We had a lot of rain overnight, but conditions improved and it was warm and sunny all morning, though a bit breezy it times. The AA sign posted car park was easy to find and it was only a short walk along a bridleway around the dis-used quarry to the view point. Two Bee-eaters were perched up on a distant tree, and another three to four were in a dead bush on the banks of a small lake. All the time we were there at least five birds were on view, either perched or flying around hawking for insects. To say the views were excellent would be an understatement and we had a very enjoyable time, spoilt only by one or two guys with big lenses who had to block others views. Well worth the fiver for the car parking.
 Cant really say how many birds are currently there-reports suggest seven, but there are supposed to be three nest holes (which are not viewable) and I di=ont know how successful they have been.






 After a very enjoyable morning we headed off to RSPB Frampton Marsh for the afternoon. Weather was a bit mixed with a lot more cloud and the occasional light shower but again very enjoyable.
 At first it didn't seem all that promising as a lot of the scraps seemed rather dry and empty apart from cows and Avocets with huge numbers of hirundines-mainly Sand Martins feeding over the reeds. We headed off down the road to the sea wall where a small crowd could be seen in the distance, and presumably where the good birds were.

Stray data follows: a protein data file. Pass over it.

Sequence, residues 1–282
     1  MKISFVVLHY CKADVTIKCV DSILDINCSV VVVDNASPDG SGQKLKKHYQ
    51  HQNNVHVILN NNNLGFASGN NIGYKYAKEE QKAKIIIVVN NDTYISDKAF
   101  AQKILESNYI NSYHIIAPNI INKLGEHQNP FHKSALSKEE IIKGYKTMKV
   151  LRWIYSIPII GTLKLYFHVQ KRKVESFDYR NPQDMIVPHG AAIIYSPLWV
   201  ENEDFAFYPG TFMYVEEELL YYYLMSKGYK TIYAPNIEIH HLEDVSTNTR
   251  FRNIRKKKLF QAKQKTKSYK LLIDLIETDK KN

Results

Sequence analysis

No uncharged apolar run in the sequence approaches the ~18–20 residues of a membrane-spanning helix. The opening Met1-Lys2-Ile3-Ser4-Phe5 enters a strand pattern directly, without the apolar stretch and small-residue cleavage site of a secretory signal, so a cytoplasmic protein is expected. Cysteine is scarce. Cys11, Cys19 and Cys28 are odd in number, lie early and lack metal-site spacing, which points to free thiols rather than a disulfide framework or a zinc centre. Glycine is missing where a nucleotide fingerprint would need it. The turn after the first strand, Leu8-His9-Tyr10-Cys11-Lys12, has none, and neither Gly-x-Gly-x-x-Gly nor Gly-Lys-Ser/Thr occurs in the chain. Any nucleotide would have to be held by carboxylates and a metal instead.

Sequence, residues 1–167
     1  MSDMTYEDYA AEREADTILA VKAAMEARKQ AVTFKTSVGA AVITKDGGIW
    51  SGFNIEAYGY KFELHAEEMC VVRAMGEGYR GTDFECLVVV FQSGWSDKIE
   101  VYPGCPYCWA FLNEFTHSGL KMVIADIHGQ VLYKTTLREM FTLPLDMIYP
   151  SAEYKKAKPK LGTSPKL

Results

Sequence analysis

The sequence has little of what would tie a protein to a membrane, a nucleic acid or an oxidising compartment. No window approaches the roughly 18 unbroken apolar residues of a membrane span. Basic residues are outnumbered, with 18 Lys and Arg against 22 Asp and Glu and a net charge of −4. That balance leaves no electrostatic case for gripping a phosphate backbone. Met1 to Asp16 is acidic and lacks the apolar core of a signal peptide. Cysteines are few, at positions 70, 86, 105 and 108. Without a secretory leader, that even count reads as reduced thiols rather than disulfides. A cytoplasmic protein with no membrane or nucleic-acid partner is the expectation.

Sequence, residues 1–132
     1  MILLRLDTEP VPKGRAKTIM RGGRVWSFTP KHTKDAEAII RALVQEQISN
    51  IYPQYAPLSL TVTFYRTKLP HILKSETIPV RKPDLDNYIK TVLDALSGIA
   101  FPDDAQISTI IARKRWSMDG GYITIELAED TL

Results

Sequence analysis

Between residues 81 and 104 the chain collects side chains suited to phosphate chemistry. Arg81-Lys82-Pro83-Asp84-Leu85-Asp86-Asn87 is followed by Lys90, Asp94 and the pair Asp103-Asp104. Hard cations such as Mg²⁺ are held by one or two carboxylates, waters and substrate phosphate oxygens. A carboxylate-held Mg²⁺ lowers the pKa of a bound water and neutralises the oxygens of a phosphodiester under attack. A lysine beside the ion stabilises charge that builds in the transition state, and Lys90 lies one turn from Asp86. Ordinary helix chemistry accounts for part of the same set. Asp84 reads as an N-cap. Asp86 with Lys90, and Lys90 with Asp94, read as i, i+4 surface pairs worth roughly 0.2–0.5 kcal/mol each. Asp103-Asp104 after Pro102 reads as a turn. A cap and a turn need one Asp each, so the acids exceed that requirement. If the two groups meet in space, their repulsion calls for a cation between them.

The large expanse of muddy pools inland from the wall was covered in waders-large flocks of Godwits, Redshank, Ruff and Dunlin, half a dozen Spotted Redshanks, some Curlew Sandpipers, Ringed and Little Ringed Plovers, two Little Stints and a rather elusive Pectoral Sandpiper tucked into a clump of sedge. On the salt marsh some Curlews and Whimbrels were hard to pick up.
 From the East Hide, many more godwits, shanks, stints, Common and Wood Sandpiper and four or five Knot. Among the hoards of Little Egrets were two Spoonbills.